Liriodendron tulipifera of the family Magnoliaceae (the magnolia family) --- (See the tulip polar page for a discussion of poplar & cottonwood names and species)
This is a SUBSET of Liriodendron tulipifera, specifically that form which has colored mineral stain that is commonly designated "rainbow" poplar due to the fact that in some cases the mineral stain is multi-colored, as you can see in the pics below.
When the mineral stain is only one color, the wood should just be called "mineral stained tulip poplar", not rainbow poplar.
my samples: NOTE: these pics were all taken in very bright incandescent lighting ("soft white" at 2700K) colors will vary under other lighting conditions
"rainbow" poplar veneer sent to me by Dave Kisker, whom I thank for the contribution. This was obtained from B&B Rare Woods, who report that the last time they saw any of it prior to this batch was in the 1970's, so I assume it's pretty rare. The purple color doesn't show up quite right (it's a little too dark) on the whole piece when I corrected the color so that everything else is quite accurate, so I took a separate copy of just the purple part and corrected it.
There are some web pics down below from the same vendor, kindly sent to me by a correspondent. Also, note that someone (I can no longer remember who) told me that the color does not hold up well in this variety, and that the same is true of green poplar.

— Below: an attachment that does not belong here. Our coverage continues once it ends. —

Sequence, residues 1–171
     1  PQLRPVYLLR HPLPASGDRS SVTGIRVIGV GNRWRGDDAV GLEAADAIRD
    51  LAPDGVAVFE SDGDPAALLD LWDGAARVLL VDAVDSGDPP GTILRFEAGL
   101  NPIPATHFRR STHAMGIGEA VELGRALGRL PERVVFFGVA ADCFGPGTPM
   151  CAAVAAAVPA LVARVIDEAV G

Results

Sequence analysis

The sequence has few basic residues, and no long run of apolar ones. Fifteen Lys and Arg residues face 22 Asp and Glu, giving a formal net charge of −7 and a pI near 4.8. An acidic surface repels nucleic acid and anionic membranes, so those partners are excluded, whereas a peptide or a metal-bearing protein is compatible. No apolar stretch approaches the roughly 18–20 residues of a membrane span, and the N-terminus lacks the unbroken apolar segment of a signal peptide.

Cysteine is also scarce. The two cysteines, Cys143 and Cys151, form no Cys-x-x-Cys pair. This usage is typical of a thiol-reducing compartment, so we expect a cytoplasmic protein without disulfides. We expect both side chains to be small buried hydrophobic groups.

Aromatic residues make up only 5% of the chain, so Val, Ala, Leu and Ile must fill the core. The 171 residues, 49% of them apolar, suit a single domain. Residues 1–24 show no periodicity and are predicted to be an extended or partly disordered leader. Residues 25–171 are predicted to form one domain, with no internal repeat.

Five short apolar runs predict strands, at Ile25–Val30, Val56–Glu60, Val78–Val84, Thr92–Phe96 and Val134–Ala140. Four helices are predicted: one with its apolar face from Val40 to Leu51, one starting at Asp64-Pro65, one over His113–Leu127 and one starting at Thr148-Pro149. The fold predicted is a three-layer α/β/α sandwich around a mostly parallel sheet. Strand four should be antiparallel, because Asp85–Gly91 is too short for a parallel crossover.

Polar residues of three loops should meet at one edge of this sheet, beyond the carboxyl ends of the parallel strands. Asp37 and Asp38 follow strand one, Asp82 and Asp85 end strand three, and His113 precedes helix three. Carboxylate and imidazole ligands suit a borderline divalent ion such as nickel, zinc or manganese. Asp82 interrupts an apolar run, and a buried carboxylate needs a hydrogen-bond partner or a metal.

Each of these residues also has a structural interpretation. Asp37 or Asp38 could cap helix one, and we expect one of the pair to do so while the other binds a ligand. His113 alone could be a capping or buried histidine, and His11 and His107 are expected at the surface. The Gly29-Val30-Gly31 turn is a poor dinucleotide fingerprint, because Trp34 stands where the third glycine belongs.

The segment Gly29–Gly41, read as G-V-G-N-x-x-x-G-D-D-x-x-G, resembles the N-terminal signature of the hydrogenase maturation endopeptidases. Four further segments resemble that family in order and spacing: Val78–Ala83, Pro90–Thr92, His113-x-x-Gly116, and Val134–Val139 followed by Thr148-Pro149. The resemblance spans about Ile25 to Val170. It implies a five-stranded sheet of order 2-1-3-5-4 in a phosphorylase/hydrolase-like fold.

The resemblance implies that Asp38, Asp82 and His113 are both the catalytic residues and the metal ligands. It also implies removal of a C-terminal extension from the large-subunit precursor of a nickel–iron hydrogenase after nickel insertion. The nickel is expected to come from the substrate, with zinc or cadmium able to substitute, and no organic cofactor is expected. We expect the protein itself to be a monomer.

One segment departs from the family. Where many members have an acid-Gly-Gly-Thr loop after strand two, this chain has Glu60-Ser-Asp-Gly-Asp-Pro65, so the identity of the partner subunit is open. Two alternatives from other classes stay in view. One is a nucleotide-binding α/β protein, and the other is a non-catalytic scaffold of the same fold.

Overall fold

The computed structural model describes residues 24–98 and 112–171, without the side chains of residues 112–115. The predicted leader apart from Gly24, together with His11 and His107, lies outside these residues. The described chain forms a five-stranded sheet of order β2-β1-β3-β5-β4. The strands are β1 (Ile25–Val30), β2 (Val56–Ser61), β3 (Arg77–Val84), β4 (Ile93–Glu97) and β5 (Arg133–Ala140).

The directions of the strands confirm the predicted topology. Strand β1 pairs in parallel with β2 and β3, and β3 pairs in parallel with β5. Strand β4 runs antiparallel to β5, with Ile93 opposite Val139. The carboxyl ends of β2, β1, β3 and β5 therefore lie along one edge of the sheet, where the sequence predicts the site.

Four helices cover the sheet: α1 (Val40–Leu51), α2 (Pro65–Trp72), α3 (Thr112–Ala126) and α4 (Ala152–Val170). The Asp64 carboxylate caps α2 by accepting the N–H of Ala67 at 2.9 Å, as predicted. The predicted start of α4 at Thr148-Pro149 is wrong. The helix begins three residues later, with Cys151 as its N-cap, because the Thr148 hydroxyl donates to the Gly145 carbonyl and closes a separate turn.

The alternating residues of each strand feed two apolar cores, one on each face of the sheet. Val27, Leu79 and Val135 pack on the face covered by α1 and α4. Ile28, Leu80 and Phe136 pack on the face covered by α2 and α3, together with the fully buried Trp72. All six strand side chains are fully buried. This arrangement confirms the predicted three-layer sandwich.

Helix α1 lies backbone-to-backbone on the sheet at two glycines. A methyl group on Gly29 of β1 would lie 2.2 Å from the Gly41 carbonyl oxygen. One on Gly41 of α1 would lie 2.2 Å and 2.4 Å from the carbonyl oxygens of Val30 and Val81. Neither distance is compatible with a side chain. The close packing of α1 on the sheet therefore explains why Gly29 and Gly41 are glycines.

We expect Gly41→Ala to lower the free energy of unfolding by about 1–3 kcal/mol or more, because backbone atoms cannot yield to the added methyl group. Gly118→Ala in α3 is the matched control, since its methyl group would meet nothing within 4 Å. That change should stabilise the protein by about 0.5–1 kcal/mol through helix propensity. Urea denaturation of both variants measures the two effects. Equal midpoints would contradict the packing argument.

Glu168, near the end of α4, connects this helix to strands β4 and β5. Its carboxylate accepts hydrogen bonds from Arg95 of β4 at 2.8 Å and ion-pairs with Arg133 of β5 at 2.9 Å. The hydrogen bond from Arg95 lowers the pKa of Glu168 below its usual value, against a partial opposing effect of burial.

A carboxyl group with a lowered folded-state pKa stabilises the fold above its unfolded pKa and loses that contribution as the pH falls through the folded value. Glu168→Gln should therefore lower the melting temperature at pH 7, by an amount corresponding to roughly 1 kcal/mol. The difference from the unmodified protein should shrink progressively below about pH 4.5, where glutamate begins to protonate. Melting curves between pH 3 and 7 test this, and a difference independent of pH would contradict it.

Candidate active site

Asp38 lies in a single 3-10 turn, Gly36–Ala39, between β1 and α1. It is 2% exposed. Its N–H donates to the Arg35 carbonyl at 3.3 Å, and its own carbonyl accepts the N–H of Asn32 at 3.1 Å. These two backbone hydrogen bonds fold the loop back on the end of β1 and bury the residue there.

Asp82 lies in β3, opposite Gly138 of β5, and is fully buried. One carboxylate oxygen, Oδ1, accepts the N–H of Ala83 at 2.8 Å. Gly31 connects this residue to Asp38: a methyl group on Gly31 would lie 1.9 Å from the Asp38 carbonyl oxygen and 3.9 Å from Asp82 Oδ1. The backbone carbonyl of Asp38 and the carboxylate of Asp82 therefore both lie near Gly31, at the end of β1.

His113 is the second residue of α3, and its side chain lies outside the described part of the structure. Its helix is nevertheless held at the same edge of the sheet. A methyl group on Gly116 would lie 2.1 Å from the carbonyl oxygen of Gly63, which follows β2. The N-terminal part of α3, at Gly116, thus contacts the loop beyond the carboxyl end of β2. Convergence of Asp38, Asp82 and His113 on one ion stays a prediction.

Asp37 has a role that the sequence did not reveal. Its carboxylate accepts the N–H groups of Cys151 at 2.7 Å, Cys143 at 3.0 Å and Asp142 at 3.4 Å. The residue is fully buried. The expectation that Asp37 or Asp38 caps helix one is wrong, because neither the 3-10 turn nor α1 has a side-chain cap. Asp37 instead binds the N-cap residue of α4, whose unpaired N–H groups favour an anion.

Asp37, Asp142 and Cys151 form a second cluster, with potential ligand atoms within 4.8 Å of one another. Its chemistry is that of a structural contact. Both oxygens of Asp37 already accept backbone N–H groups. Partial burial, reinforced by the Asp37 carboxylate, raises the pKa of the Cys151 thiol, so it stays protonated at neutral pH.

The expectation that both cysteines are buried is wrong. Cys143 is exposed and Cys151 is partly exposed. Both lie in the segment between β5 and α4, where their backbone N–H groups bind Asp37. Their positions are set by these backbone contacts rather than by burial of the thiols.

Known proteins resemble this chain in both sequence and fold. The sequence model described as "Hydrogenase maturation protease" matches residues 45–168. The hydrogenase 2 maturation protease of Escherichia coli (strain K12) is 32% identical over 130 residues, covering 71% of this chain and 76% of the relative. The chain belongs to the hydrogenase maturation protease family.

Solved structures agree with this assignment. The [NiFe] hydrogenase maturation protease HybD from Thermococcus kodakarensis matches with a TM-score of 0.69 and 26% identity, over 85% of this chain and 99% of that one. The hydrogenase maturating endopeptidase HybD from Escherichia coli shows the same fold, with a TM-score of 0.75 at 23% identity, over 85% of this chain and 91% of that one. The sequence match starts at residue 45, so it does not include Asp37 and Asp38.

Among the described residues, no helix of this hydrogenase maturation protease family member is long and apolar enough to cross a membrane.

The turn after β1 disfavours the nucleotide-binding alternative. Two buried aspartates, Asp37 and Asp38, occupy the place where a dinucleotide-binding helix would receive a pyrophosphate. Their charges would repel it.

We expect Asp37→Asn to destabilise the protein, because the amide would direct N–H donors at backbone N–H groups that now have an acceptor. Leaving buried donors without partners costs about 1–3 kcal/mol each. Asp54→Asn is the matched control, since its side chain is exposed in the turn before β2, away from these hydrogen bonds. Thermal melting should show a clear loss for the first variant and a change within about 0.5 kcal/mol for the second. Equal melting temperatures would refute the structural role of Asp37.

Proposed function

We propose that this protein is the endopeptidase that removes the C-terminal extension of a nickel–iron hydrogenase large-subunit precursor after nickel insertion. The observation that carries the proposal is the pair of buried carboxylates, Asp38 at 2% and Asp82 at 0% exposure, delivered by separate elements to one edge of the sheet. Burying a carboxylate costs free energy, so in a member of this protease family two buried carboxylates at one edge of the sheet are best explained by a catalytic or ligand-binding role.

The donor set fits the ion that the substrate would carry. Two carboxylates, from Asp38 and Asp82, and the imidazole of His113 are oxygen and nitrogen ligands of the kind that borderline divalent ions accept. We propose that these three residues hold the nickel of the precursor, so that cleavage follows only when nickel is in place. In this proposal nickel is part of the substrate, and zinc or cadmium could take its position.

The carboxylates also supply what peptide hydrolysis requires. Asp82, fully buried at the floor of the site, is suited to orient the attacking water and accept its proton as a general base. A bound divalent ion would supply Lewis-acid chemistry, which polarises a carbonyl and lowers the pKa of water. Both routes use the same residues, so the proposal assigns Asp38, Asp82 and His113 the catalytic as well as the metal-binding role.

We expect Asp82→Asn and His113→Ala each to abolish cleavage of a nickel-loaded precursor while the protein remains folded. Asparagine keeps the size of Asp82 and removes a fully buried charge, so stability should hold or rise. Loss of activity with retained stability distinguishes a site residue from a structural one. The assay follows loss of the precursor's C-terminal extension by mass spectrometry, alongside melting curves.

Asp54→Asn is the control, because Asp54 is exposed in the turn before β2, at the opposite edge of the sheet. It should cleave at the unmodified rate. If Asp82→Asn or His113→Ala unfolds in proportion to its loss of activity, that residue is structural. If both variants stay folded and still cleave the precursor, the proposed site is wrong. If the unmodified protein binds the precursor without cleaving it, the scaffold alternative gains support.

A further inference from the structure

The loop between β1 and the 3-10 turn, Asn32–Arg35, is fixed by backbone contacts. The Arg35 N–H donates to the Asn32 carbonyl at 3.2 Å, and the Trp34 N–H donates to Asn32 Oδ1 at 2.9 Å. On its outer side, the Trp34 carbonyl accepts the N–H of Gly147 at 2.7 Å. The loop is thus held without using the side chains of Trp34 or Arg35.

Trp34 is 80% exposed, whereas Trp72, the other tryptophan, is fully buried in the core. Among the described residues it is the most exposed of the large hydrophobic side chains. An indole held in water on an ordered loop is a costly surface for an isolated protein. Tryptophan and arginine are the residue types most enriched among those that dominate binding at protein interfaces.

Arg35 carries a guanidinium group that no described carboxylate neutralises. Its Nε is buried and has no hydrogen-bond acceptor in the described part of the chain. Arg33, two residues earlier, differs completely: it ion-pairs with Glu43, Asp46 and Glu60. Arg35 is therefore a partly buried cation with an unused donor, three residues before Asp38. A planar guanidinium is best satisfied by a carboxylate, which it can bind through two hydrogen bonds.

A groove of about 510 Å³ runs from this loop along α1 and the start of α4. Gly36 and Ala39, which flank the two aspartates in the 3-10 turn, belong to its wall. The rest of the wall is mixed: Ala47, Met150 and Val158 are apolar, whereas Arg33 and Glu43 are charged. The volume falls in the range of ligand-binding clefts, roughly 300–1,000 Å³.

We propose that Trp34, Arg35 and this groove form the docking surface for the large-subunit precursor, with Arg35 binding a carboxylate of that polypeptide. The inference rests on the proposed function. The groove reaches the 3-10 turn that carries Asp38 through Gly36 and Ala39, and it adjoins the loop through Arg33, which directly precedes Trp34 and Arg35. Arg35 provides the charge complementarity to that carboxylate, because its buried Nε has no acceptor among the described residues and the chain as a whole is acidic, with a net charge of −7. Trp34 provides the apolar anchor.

a rainbow poplar plank that Milton Schmidt, whom I thank for the contribution, was fortunate enough to find at a local store for the regular poplar price. He's made a segmented turning, shown at the bottom of this page, that really emphasizes the color variations in this form of poplar
both sides and both ends of a sample piece of rainbow poplar --- the overall dark cast of this piece supports the contention that this wood darkens with age.
segmented turning of rainbow poplar (the base is black ash, but ALL of the other segments are poplar and all are from the same plank --- part of the point of this object was to show the color variation within the plank) contributed by Milton Schmidt (the plank he made it from is pictured up above with my rainbow poplar pics).
rainbow poplar, flat cut and end grain
freshly milled rainbow poplar slabs with varying amounts of mineral stain and color variegation
a log on the mill and a closeup
rainbow poplar veneer --- fairly rare and I've been told it doesn't hold the colors well at all, but I don't know from first hand experience whether this is true or not
rainbow poplar bowl blanks
planks that were listed just as having a mineral stain, but this is the kind of stain that produces what is called rainbow poplar
quartersawn rainbow poplar with ray flakes
scales --- this really should be on the poplar page as just poplar with mineral stain since it's not variegated enough for the "rainbow" designation